It’s more complex than ‘what’s the best blockchain’
Blockchains should be able to focus on their distinctive strengths and rely on other chains for things at which they don’t excel.

The Web3 space tends to be tribal, with community members defending their blockchain as the "best" blockchain. I have a controversial take: There is no "best" blockchain, but there are best blockchains. Most people tend to focus on layer 1 (L1) solutions that claim to be the fastest or that support the largest number of transactions per second.

Yet, we’re ultimately faced with a set of tradeoffs in our design approaches that can make a blockchain better or worse for a particular use case, but not better or worse on an absolute scale. Transaction throughput is only one of a set of critical attributes that also include security, decentralization, censorship resistance, programmability, interoperability, etc. In this L1 design space, there is no correct set of these choices, rather different attributes and use cases for which you can optimize.

Blockchains should be able to focus on their distinctive strengths and rely on other chains for things at which they don’t excel. Rather than a chain claiming to be the best solution for everything, what we really need is a way to easily access and utilize a variety of chains (and their unique strengths) to support the needs of an application and its users. A key trend in the coming years will be the combination of different specialized chains into native multi-chain applications that are more scalable, more efficient and create unified user experiences.

A varied toolset offers more solutions

Most people would probably love to own a Lamborghini, delighting in the thrilling speed. However, if that same person was driving through the tight alleyways of Rome, their car of choice might be a Fiat, something small and safe to navigate the narrow corridors. Then again, if they’re helping their best friend move, a pickup truck would probably be the best option, something that excels at storage capacity and hauling.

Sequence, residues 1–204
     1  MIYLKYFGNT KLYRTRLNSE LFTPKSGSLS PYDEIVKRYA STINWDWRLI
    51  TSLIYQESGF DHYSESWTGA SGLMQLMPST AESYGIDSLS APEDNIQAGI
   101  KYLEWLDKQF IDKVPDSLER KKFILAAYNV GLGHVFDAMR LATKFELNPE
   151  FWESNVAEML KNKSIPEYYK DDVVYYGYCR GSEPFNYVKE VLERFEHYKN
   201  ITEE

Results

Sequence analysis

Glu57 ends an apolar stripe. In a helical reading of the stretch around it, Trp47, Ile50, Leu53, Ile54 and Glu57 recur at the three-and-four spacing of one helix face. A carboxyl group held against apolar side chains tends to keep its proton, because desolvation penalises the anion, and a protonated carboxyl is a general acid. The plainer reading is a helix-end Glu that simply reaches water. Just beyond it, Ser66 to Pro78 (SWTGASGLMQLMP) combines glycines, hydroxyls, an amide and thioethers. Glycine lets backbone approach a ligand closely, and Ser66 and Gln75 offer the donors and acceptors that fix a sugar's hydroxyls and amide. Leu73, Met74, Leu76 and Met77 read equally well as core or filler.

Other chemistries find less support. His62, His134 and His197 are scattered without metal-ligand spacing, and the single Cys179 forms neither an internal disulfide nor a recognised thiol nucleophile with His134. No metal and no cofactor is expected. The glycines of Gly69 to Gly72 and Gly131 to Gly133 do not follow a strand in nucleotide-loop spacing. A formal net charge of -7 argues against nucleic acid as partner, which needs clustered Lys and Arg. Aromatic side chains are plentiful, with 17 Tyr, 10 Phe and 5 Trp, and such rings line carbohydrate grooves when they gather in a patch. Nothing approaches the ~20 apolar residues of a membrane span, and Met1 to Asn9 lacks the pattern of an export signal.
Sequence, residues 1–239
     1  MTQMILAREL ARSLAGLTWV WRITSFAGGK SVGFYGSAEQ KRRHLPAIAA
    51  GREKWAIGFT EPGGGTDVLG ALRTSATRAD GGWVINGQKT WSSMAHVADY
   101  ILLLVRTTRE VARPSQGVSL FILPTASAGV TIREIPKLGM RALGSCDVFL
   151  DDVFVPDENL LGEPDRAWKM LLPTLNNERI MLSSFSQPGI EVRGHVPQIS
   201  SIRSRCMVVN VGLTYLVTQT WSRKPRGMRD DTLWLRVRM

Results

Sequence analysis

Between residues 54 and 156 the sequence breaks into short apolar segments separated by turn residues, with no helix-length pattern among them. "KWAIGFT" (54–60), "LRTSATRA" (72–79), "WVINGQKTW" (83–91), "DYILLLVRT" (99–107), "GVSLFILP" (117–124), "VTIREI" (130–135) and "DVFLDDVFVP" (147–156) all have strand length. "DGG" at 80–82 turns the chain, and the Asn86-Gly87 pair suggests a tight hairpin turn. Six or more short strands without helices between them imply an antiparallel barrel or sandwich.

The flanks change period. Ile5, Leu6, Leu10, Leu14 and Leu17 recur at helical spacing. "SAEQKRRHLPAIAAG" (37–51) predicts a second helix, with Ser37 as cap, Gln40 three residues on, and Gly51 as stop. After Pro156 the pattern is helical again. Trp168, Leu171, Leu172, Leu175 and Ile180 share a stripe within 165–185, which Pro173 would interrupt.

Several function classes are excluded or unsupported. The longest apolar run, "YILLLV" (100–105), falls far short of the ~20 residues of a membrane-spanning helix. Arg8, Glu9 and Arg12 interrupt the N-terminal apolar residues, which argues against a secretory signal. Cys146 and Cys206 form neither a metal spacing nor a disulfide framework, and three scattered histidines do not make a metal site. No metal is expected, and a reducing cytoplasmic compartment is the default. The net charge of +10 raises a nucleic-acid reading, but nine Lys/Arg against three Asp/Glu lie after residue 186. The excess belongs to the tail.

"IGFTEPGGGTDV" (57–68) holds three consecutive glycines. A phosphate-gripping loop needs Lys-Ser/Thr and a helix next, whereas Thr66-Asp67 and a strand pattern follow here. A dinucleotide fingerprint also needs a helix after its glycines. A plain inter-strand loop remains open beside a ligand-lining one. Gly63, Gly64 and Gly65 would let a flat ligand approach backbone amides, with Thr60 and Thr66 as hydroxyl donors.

There is no objectively best car because the context of what the car will be used for matters. High-performance, superfast engines have their place, but so do the more utilitarian solutions.

The Web3 ecosystem is like a garage full of cars; there are a lot of choices, but we drive the vehicles that best suit our specific purpose at the time. If we allow a blockchain to focus on its unique strength and being truly great at a specific function, we can look to other chains for things that specific chain isn’t good at.

Imagine a chain that is optimized for storing and managing user identities, a chain that has full Ethereum Virtual Machine (EVM) support for arbitrary smart contract logic and a chain that is optimized for storing data. All three of these chains are each good at a particular set of use cases, but not all of the use cases.

As a developer building an application, it is very limiting to choose only one of these chains to deploy to. A much better option is to use all three chains, each for what they are best at. The application could leverage specialized identity, smart contract and storage functionality, combining these three elements into a single, stronger application.


Gatorade trademark applications hint at joining the metaverse
Stokely-Van Camp has filed two applications with the USPTO for the word Gatorade and the sports drink’s “G”-shaped logo to be used in connection with “virtual beverage products” and NFTs.

Stokely-Van Camp, the beverage company with the original rights to market and produce Gatorade, may be exploring releasing virtual sports drinks in the metaverse.